Negative Results

September 20, 2006

Posted by Jay Livingston
A man gets thrown into a jail cell with a long-term occupant and then begins a series of attempts to escape, each by some different method. He fails every time, getting captured and thrown back in the cell. The older prisoner looks at him silently after each failure. Finally, after six or seven attempts, the man loses his patience with the old prisoner and says “Well, couldn’t you help me a little?” “Oh,” says the old guy, “I’ve tried all the ways you thought of—they don’t work.” “Well why the hell didn’t you tell me?!” shouts the man. “Who reports negative results?” says the old prisoner.
thanks to sociologist and blogger Kieran Healy (
I hadn’t heard the joke before, but I’ve certainly heard of the bias towards positive results. Back when I was in graduate school, one of my professors, an experimental social psychologist, proposed that journals evaluate papers solely on the basis of research design. Researchers would submit all the preliminary stuff including the design but not the results. Then, if they accepted the article, it would be published regardless of whether the results showed the intended effects.
Healy used the joke in connection with an article on biases in political science journals. Articles which just make the p <.05 level are much more likely to be published than are those that just miss it. I’m not sure if political science and other disciplines (like sociology) that rely on survey data could use the same strategy on deciding on publication before they see the data. That strategy may be more applicable to experiments rather than surveys.
I find it interesting, even ironic, that my social psych professor who proposed this soon became very well known for his own experimental study, whose results were widely discussed even outside academia. But statisticians reviewing the data claimed that he had used the wrong statistical analyses in order to make his results look significant. His idea might be right, the critics said —in fact they probably hoped it was right — but the numbers in the study didn’t prove it. The professor and others claimed that the numbers did support the idea and defended their analyses. Clearly, it was a case that needed replication studies, lots of them. But I’m not sure what attempts to replicate the study have been done, nor do I know what the results have been. But I am fairly certain that researchers who attempted to replicate and got negative results had a harder time getting published than did those who got positive results.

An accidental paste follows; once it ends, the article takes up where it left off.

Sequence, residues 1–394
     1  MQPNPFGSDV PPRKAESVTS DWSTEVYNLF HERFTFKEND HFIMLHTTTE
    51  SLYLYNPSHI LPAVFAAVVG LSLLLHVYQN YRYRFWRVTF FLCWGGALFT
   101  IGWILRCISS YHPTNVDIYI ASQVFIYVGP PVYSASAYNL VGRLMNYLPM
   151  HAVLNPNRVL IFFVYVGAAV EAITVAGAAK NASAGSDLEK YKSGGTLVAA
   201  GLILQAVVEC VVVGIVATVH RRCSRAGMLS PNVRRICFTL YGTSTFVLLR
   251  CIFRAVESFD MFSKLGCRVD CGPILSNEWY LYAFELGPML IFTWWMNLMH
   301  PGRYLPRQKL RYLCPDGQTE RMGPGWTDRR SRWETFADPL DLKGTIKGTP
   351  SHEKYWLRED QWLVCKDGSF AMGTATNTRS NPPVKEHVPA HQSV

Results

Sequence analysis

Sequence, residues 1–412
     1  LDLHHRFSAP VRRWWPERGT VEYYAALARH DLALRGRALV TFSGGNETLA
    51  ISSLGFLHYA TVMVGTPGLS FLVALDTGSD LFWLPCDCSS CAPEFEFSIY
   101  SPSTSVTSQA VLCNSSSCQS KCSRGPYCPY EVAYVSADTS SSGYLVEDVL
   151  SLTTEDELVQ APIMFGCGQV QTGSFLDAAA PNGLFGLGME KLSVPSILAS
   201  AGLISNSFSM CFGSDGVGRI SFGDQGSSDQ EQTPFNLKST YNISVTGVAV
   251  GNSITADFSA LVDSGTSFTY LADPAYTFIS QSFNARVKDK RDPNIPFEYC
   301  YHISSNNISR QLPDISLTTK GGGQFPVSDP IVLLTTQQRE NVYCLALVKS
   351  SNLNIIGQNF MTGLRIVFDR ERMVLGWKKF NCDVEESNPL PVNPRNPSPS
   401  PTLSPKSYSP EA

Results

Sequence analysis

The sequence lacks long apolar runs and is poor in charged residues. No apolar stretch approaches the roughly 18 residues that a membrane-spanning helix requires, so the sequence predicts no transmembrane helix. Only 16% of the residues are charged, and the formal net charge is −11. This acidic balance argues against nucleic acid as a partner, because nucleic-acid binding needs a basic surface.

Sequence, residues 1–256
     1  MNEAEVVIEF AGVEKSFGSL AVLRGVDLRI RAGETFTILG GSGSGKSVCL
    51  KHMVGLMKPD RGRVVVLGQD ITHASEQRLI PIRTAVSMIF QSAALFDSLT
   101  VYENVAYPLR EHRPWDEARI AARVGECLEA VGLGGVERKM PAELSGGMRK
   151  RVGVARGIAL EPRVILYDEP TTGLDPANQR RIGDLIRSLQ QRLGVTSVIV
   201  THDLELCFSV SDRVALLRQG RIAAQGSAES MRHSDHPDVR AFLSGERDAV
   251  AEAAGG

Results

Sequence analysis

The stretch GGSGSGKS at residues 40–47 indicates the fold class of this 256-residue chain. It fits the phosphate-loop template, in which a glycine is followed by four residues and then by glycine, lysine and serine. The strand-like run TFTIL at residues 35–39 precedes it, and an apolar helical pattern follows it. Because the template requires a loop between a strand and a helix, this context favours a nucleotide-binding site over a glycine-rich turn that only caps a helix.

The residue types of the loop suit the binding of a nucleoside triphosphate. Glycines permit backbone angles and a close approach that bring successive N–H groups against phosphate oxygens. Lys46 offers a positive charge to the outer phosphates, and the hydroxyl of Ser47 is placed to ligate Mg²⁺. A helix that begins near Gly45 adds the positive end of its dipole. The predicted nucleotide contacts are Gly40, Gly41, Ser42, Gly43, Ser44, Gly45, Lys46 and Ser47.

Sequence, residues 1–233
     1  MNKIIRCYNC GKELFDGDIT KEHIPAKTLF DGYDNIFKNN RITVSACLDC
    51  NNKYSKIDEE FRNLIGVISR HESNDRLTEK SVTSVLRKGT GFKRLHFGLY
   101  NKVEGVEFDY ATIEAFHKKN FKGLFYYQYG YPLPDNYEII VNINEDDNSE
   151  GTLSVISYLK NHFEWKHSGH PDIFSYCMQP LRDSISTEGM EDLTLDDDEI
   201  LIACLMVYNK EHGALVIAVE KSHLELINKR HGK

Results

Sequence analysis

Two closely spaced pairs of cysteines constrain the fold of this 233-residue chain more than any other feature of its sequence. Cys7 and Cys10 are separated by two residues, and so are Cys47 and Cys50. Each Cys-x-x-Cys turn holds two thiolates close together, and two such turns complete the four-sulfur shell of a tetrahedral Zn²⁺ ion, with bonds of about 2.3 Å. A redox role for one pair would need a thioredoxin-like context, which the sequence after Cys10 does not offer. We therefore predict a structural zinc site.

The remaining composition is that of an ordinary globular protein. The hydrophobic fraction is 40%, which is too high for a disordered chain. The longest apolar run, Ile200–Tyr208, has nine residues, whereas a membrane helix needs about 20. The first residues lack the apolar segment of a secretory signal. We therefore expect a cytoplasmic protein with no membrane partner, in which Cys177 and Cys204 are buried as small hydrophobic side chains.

This professor also had our class do a replication of one of his experiments. It didn’t work. In fact, the strongest correlation was with a variable that by design was randomized. There were two versions of some test, A and B, distributed randomly to seats in a room. We wanted to see if the two versions of the test produced different results. People came in, sat down, and did the test. But it turned out that the strongest correlation was between sex and test version. That is, the A version wound up being taken mostly by girls, the B version by boys, just by accident of where they chose to sit. No other difference between the two versions was nearly so strong. It made me a bit skeptical about the whole enterprise.

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